His climbing community grew not only because he was a reliable and competent partner with insatiable psych, but because of his patience and easy way of making anyone feel welcome. The somewhat shy and searching teenager his siblings knew in Montana found his footing and a new lease on life in Golden, Colorado, where he was such a sought-after partner that, rumor has it, if you wanted to climb with Dillon you needed to schedule three months in advance.
“Alex was a huge part of that shift,” notes Trenton.
In August 2016, Alexandra Griffen walked into Earth Treks for a group try-out with Nathan Sandidge, David Henningsen and Dillon. Hired together, the four became fast friends and remain so still. Dillon was cute, sure, but it was his uninhibited goofiness that really got her attention. One after-hours night at the gym “[we] created a game where we were bouncing [a ball] all over the walls, running around like children and creating a ridiculous points system that made zero sense,” she recalls. “He had the stupidest sense of humor that made me roll my eyes, but also laugh my butt off.”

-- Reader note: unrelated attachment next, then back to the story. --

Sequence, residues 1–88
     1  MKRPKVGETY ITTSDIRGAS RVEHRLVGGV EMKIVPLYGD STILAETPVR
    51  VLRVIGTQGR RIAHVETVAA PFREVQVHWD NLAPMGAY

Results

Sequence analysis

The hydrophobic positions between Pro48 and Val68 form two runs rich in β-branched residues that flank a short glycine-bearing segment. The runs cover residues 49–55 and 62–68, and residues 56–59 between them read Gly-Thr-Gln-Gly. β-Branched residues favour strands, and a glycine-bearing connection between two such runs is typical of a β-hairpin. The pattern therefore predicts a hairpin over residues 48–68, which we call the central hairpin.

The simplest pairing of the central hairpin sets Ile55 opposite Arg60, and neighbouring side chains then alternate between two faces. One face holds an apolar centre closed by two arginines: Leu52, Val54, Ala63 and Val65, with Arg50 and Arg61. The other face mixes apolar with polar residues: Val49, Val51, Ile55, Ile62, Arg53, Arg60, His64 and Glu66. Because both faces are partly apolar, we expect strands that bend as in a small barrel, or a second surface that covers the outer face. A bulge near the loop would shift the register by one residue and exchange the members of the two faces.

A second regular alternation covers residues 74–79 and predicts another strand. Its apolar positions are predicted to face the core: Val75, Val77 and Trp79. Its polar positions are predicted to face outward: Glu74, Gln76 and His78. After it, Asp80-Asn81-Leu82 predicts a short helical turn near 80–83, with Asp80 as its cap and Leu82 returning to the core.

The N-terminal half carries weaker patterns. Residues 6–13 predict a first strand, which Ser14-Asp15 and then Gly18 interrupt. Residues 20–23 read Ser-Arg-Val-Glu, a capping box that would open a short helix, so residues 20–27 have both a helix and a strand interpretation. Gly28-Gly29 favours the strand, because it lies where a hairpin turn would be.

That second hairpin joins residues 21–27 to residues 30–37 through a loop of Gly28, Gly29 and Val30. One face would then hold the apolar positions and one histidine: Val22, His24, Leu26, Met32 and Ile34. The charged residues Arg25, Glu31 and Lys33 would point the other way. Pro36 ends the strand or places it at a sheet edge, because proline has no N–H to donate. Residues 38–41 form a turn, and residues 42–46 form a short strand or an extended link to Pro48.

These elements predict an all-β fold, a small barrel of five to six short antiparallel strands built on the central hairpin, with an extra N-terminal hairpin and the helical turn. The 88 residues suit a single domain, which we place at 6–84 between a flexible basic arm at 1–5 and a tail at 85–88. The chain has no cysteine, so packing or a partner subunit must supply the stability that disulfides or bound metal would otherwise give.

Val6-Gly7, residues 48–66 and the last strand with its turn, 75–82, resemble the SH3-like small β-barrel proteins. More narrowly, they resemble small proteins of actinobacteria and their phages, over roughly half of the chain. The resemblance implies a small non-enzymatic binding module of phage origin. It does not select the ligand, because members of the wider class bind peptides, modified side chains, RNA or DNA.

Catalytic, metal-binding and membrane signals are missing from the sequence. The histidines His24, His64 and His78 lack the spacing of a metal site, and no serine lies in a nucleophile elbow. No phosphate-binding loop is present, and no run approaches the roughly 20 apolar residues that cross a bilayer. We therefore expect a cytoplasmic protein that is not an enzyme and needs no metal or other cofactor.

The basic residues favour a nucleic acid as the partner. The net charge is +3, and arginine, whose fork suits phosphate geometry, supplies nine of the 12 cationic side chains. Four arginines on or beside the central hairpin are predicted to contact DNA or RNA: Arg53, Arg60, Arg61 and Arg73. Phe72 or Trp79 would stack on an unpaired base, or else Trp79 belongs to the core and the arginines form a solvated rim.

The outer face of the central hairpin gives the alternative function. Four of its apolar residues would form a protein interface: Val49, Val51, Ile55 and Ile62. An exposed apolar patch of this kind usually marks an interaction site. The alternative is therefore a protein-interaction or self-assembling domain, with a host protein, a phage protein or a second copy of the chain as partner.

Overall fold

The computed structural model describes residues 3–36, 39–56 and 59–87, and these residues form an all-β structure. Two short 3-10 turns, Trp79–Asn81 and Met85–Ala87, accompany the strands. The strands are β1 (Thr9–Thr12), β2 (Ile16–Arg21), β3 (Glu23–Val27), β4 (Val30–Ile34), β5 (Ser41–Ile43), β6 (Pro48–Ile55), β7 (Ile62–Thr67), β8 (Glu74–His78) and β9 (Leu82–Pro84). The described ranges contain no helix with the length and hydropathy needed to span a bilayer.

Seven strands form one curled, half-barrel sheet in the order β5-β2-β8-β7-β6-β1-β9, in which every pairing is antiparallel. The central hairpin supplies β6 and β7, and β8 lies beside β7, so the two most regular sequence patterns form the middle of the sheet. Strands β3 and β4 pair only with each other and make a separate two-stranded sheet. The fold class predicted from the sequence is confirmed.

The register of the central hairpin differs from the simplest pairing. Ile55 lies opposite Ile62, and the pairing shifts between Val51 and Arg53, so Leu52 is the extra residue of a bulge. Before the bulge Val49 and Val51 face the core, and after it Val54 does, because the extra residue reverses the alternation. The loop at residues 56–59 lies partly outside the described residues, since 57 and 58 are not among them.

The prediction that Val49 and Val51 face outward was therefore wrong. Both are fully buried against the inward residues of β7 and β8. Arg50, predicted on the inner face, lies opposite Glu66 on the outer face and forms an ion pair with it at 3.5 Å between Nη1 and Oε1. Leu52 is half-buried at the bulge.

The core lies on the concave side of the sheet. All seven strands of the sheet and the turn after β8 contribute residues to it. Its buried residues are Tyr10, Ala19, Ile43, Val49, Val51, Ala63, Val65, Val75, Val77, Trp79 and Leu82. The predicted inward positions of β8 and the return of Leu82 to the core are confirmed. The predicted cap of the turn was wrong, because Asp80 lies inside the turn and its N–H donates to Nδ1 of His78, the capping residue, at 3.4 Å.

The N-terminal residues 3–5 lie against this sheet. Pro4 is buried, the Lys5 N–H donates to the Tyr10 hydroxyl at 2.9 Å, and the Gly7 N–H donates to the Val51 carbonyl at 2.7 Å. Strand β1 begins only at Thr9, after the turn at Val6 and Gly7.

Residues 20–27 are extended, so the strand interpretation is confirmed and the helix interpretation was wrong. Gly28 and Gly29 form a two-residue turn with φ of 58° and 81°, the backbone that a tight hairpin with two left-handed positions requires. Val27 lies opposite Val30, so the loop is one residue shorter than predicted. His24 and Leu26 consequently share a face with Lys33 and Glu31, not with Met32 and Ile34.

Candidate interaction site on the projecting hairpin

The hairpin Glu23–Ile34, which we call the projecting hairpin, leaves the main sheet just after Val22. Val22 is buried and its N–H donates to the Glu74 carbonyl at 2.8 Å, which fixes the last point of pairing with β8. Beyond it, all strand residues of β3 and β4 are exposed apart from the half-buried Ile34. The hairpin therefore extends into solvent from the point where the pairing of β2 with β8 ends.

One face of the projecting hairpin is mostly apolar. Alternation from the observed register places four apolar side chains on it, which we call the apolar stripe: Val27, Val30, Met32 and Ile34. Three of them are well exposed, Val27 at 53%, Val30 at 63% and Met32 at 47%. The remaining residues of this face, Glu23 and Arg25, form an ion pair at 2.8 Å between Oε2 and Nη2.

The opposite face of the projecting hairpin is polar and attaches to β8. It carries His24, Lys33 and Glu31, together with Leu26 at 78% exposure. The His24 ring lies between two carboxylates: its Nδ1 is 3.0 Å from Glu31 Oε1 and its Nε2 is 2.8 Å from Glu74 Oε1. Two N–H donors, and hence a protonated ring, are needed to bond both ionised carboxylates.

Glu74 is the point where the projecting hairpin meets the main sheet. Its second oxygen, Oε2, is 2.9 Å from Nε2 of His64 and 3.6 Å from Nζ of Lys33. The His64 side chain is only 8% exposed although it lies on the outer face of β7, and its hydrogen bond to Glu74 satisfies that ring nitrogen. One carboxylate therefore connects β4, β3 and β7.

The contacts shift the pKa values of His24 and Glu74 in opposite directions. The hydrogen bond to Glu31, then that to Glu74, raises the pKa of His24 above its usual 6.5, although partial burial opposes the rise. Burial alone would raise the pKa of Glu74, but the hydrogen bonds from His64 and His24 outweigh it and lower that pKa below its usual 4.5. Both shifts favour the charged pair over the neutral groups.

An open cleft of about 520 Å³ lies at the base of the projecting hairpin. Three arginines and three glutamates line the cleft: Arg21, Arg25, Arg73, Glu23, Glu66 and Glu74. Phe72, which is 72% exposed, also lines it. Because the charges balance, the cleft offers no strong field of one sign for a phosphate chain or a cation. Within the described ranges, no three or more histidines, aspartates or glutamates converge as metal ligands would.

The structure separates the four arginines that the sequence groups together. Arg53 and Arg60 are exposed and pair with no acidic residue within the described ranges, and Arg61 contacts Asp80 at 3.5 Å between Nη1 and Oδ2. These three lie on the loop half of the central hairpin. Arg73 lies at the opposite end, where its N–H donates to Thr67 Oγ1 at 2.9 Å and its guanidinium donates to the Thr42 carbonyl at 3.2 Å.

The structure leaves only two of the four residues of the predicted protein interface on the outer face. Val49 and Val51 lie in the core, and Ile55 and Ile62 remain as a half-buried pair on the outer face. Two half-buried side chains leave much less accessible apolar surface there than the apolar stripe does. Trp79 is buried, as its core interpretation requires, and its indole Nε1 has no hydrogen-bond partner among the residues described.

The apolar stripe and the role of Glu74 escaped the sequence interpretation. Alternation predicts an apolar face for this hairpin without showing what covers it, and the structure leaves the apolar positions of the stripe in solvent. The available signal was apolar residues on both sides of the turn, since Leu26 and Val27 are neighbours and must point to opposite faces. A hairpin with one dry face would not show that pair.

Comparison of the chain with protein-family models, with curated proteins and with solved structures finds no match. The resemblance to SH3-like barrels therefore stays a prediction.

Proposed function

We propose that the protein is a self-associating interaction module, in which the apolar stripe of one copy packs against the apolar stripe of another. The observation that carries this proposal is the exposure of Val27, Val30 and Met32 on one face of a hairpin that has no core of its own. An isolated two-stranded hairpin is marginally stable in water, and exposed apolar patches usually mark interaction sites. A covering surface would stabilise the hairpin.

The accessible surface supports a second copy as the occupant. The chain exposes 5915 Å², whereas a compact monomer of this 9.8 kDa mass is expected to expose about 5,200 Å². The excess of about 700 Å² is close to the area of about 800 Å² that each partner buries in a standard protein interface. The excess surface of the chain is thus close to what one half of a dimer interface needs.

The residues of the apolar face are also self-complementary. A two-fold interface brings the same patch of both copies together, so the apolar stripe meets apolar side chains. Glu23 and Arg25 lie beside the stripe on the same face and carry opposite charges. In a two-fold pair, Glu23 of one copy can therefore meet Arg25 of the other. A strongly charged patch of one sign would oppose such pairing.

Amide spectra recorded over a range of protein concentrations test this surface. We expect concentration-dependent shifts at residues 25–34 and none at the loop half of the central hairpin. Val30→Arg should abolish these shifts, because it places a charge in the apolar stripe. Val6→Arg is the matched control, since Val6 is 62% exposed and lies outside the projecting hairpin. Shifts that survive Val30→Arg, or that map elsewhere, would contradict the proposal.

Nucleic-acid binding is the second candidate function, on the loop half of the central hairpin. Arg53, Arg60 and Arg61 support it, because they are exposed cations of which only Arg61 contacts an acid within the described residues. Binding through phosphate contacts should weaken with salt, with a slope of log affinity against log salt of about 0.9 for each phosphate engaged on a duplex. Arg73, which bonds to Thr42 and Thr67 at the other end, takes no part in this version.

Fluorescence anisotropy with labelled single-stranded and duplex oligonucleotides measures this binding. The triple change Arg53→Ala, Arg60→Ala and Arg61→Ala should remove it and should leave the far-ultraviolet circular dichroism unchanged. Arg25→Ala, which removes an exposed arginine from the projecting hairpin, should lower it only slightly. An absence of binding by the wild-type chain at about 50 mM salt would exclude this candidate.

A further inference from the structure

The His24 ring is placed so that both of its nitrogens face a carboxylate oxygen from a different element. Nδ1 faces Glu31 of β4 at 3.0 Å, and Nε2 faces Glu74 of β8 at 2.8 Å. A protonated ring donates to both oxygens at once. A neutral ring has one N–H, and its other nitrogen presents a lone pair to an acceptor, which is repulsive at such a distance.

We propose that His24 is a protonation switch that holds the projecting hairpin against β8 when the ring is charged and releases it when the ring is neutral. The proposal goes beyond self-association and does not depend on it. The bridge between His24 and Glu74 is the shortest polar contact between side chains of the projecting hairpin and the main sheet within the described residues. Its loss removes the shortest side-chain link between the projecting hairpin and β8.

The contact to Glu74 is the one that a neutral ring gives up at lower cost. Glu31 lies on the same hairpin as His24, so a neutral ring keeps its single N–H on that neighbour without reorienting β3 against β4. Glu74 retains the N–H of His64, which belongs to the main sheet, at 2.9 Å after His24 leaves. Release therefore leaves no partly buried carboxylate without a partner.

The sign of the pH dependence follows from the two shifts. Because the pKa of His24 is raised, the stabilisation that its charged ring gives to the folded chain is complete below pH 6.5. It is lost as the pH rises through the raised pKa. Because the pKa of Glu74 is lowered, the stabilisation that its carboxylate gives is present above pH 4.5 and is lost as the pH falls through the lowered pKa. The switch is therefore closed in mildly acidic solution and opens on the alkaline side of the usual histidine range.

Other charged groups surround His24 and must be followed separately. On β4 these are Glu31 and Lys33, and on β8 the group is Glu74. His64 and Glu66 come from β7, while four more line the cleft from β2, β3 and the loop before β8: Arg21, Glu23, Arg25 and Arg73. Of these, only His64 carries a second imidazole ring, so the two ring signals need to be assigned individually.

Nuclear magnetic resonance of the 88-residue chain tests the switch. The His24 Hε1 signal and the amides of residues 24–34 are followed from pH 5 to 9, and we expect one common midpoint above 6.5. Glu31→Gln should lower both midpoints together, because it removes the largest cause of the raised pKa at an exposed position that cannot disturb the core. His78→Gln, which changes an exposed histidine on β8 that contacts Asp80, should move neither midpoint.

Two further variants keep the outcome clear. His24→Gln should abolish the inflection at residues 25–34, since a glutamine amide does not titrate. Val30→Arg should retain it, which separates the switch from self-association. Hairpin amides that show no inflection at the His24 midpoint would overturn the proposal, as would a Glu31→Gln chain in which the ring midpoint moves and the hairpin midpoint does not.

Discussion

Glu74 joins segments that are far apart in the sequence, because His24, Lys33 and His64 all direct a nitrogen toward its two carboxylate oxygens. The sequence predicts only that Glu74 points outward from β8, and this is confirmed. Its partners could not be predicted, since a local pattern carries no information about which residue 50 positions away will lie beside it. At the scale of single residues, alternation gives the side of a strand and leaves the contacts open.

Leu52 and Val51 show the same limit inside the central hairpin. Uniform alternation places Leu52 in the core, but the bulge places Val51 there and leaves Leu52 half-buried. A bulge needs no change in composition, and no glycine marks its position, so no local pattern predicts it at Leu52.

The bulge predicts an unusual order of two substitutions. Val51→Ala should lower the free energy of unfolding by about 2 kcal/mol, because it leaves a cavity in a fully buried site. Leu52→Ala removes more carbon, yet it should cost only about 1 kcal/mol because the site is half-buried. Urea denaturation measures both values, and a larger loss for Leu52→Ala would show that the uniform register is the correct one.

Dillon and Griffen were well on their way to couple status and the happiest years of their lives. With every adventure (and misadventure), from bailing on Pingora in the Cirque of the Towers, in the Wind River Range, to standing on Mount Olympus, his megawatt smile beamed brighter.
As much as my brother was a by-the-book rule follower and obsessive planner, Griffen is the walking definition of spur-of-the-moment spontaneity. They were the yin to each other’s yang in a lot of ways—she taught him to embrace what was outside of his control, he showed her the value of being intentional with one’s love, time and the people one shares them with—but on the things that mattered most they were on the same page: the best things in life aren’t things at all, love is loftier than mountains and dad jokes are always punny.
[Also Read Measure of Luck | Ascent]
In April of this year, they promised to love each other’s wildness and weirdness forever with a loop of cordelette in place of an engagement ring. They planned to move to New York at the end of August where a dream job waited for her and the Gunks for him.
In many ways, without knowing it, Dillon was on a goodbye tour this summer, meeting his newest nephews and niece in Minnesota and spending as many last-hoorah weekends outside with his Colorado community.
On one such weekend in late June, Dillon and Nathan Sandidge headed to the Black Canyon of the Gunnison for a nautical-themed weekend: first up, Maiden Voyage (5.9) to test out the grades, then Scenic Cruise (5.10d). Dillon convinced Nathan (not that he needed much convincing) that such an aquatic undertaking required a particular climbing style—a snorkel, scuba goggles and Hawain-print attire. For two days, the two goofballs swung leads, exchanged route-finding frustrations and laughed and laughed and laughed at each fish-faced, goggle-eyed belay.